Christina Whalen, in testimony, recanted her prior written statements. She testified that she believed that Archie Whalen had not intentionally tried to injure her on October 26, and that the bruises on her leg resulted when he accidentally closed the car door on her leg. She said that she had been out of control that evening, and had even told the defendant and her daughter that she wanted to kill herself. She testified that she had made up the story about being assaulted only after the police officer who arrived at the scene threatened to place her in jail and take away her children if she failed to tell the truth about why she and her husband were arguing. As for the defendant's attempt to telephone her on October 27 in violation of a court order, she testified that she had given the defendant permission to call, because her son Robert wanted to talk to him.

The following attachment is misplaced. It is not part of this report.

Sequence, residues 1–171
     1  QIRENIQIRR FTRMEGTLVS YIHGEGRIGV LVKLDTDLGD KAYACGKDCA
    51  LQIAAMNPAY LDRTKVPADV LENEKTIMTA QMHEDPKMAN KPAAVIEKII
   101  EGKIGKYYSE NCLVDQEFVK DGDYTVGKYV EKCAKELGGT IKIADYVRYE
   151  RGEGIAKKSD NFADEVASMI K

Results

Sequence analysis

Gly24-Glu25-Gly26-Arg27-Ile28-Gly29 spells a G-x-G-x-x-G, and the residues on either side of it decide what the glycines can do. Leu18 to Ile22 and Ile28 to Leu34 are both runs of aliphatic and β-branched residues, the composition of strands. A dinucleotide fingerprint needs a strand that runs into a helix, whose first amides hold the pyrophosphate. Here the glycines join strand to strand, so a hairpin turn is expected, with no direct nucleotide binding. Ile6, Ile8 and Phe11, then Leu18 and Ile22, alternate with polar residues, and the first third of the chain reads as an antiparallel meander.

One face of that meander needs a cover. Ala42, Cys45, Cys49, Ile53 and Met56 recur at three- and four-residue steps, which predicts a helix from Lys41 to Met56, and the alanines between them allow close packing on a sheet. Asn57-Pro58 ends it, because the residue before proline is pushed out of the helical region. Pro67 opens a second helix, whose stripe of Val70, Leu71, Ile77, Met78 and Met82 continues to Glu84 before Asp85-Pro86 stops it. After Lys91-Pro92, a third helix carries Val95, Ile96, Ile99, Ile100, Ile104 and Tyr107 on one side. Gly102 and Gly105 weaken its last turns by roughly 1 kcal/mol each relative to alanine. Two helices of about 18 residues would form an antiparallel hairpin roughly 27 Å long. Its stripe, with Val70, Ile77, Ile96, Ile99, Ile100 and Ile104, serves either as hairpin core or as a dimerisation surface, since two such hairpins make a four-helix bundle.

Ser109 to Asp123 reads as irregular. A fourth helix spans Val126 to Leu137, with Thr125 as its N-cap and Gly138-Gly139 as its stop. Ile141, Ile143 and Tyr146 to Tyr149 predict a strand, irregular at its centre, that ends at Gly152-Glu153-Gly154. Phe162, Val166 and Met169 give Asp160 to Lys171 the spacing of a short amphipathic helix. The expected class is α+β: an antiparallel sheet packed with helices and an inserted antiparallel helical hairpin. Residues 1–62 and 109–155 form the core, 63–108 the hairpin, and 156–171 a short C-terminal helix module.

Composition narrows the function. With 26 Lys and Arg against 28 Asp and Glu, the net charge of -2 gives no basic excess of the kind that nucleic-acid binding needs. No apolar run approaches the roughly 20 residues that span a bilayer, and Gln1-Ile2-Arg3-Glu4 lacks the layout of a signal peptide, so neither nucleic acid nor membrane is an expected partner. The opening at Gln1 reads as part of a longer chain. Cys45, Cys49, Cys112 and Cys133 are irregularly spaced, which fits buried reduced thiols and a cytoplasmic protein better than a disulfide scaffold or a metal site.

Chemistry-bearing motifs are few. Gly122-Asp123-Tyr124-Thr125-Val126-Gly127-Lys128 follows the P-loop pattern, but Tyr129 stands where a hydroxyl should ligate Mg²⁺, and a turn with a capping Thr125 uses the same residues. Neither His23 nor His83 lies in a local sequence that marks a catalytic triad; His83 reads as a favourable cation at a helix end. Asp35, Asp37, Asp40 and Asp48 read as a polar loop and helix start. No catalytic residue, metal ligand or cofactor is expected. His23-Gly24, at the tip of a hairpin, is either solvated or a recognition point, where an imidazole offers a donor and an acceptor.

9. Defendant's Testimony.


Archie Whalen denied assaulting his wife. He admitted threatening to "break every bone" in Robert's body, but explained that "[i]t was a figure of speech to let him know how serious I was about him not using drugs."

B. Reliability of the Evidence


Archie Whalen contends that because Christina backed away at the revocation hearing from her prior sworn statements, those sworn statements and her oral statements to Beck, Gardella, and Catterson all lacked sufficient indicia of reliability to form a basis for revocation. Archie Whalen argues there was no other evidence supporting the government's petition and so the district court's decision should be reversed. Whalen is wrong.


The standard of proof facing the government in a revocation proceeding is a preponderance of the evidence. United States v. Portalla, 985 F.2d 621, 622 (1st Cir.1993). On appellate review, the evidence must be viewed in the light most favorable to the government. Id. A district court's revocation decision "will not be reversed absent a clear showing of an abuse of discretion." United States v. Morin, 889 F.2d 328, 331 (1st Cir.1989).2